- “Hustle” manager Jeremiah Zagar spoke with Insider about picking NBA star Anthony Edwards.
- Edwards is the scene stealer in the movie as Kermit Welts heels.
- Zaghar said he brought “realism and vanity” to the role.
It might be Adam Sandler who is tempted
Viewers click to play “Hustle,” but it’s Minnesota Timberwolves shooting guard Anthony Edwards who will make a lasting impression.
In a movie where some of the greatest basketball stars in the world essentially play themselves, Sandler and Hustle director Jeremiah Zagar had a different plan for Edwards.
“Hustle” delves into the nitty-gritty of the modern NBA world as Sandler plays Stanley, a Philadelphia 76ers explorer who discovers a phenomenon called Bo Cruz (Juancho Hernángómez) during an overseas trip. When the 76ers don’t care about Cruz, Stanley quits the team and decides to risk everything on Cruz by using his league connections to make him a recruiter.
However, every good sports movie needs a good heel to face the hero.
Halfway through the film, Cruise meets Kermit Willets, a potential First Division candidate who annoys Cruise, thanks to his talent on the court and his vicious trash talk.
This presented an interesting challenge. The person who played the Wilts not only needed to be able to the ball in addition to the strength of the Utah Jazz forward – he also had to have similar representative pieces.
“We didn’t get to play Kermit until the second half of filming,” Zagar told Insider by phone, explaining that the film was shot over two summers, with the second summer focusing on all the basketball scenes.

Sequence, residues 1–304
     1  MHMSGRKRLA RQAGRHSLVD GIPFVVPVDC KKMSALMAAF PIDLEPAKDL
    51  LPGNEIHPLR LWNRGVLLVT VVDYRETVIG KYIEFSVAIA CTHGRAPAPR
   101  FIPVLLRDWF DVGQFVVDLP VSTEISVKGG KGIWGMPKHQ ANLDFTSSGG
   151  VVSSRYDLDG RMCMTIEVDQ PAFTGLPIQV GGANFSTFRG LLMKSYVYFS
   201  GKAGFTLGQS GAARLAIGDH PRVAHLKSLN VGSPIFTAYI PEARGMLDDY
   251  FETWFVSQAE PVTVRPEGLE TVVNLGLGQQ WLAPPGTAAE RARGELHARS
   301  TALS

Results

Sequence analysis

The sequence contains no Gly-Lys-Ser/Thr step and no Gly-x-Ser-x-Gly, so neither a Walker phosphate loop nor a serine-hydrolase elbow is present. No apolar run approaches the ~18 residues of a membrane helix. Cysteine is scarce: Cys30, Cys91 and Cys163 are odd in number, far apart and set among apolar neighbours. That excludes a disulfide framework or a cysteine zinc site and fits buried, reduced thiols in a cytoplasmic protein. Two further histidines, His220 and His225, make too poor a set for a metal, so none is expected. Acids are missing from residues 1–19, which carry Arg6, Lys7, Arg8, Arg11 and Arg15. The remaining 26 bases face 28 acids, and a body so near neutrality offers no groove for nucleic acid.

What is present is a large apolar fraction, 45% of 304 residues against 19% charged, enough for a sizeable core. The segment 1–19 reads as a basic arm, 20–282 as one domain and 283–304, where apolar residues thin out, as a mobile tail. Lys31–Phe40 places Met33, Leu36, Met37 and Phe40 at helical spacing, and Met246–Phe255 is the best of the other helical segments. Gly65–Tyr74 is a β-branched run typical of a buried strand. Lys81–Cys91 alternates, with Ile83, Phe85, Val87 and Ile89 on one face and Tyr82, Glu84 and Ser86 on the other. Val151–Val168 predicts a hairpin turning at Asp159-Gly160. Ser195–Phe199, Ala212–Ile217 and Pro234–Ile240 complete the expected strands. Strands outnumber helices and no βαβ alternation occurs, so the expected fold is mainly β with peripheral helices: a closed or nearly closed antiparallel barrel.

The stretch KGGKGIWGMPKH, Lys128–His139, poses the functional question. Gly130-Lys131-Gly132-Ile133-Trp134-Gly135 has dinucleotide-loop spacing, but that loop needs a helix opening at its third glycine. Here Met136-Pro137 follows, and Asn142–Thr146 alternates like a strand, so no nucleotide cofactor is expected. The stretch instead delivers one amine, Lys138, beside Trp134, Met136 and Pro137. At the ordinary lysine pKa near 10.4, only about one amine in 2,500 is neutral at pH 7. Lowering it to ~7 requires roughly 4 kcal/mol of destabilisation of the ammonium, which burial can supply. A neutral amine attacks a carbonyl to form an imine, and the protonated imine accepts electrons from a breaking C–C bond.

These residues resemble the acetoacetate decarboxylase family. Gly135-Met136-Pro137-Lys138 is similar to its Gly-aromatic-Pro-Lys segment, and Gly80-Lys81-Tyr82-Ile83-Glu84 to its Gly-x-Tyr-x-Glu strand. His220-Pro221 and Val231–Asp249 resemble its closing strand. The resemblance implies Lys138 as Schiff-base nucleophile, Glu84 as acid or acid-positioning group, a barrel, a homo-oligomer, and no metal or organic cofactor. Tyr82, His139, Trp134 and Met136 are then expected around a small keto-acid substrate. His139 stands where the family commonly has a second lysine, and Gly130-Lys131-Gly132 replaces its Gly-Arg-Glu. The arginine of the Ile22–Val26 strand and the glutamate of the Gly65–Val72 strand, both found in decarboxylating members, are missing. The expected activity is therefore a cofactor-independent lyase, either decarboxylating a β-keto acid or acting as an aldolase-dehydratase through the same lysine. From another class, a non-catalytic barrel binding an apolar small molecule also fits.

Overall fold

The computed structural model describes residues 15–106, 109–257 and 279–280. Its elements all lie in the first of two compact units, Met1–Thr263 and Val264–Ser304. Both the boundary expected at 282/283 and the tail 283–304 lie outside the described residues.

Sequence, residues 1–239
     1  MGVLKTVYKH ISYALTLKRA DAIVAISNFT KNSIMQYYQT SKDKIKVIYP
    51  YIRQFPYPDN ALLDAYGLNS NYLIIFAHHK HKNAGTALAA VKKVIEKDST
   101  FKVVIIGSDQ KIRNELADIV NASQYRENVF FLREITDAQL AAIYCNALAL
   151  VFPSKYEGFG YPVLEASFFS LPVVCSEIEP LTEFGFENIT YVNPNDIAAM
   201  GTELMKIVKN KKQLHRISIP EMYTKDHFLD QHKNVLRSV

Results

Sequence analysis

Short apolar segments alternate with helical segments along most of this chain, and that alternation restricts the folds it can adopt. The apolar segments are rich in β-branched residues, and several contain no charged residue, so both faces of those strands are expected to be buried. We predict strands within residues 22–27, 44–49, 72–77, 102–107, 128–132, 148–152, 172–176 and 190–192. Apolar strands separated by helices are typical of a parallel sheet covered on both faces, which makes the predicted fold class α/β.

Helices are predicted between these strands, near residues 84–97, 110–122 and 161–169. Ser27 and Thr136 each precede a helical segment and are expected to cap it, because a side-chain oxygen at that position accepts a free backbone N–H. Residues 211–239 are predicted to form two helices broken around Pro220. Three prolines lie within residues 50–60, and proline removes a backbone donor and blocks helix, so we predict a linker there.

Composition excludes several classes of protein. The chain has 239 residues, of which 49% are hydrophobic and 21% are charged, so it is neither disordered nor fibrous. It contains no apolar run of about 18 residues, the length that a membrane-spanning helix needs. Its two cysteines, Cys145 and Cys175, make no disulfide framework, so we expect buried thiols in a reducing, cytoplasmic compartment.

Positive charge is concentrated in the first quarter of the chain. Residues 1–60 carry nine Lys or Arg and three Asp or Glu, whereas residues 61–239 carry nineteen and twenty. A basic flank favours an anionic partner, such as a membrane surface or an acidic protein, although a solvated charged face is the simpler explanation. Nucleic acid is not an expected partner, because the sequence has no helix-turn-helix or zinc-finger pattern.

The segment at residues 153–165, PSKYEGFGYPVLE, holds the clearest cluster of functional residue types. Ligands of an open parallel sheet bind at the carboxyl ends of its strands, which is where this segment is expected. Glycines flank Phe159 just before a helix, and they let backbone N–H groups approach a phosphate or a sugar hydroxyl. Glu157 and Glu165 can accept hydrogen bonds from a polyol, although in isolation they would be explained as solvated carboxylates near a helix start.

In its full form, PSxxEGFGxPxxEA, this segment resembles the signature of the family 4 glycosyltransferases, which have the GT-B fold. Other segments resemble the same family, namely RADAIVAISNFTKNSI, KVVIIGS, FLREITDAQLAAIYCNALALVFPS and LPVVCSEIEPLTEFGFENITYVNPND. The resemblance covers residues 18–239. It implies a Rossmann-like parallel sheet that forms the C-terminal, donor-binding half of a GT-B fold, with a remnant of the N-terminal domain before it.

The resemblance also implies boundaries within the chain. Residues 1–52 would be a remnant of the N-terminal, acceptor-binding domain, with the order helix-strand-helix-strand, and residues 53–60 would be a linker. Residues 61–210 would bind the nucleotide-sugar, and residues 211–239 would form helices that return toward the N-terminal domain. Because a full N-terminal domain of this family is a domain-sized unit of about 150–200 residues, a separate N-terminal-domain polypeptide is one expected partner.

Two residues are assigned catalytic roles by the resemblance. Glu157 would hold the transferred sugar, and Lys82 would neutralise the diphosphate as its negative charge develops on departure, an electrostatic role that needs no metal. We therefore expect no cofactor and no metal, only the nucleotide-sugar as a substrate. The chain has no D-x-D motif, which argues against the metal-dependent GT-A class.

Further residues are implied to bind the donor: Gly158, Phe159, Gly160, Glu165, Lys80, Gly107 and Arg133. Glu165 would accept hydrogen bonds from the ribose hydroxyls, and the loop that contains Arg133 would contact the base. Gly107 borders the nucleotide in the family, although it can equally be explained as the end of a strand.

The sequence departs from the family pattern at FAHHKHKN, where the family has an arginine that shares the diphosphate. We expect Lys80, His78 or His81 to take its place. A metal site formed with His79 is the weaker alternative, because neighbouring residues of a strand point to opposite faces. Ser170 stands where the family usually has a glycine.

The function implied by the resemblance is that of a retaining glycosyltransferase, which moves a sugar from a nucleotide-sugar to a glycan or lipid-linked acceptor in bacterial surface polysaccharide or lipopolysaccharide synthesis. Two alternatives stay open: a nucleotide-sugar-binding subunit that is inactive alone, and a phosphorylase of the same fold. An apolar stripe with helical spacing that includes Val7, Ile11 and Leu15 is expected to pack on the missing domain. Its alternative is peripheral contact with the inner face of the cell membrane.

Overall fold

“There were a couple of other NBA superstars, but when Adam proposed to Anthony, it seemed perfect,” Zagar added.
Since he was drafted by Timberwolves in 2020, Edwards has quickly become a favorite among NBA fans for his charm and wit during his post-match interviews.
It definitely caught Sandler’s attention.
“I think Adam was watching his press conferences and he felt like he had a great vibe,” Zagar said.
It also helped that Hernangómez was at Timberwolves during Edwards’ season, so they really had the chemistry.
But to hone his initial acting talents, Edwards worked with Zaggar’s longtime acting coach Noel Gentile, who helped the NBA star come up with his character.
However, Zagar said Edwards did not hesitate to make Kermit Welts his own.
“Anthony was rewriting his lines with Guancho on the day of the shooting to make sure they felt like him,” he said.
As a result, Edwards became the scene stealer in the film. He’s captivating as the movie’s antagonist, who goes so far as to talk about Cruise’s daughter in the stands to get him off his game.
Zagar admitted that he knew Edwards was gone, even during production.
“This is a shot in the movie, where Bo Cruz enters and meets Kermit for the first time,” Zagar recalls. And the way Anthony was able to communicate his line perfectly every time that camera moved is something that even seasoned actors have trouble with. So right away I was like, ‘Oh my God!’ “
Zagar noted that although some will see Edwards’ character as the film’s villain, they consider him more than that.
“If Kermit is just a villain he’s not interested, but if he’s an anti-hero, which I see, if he’s more like Michael Jordan than he’s kind of a 2D character, he’s more exciting. That’s what Anthony brought in,” Zagar said. “That realism and vanity.”
“If we want to make ‘Hustle 2’ it will be about it,” the director added. “That’s how I think about it.”
“Hustle” is now available on Netflix.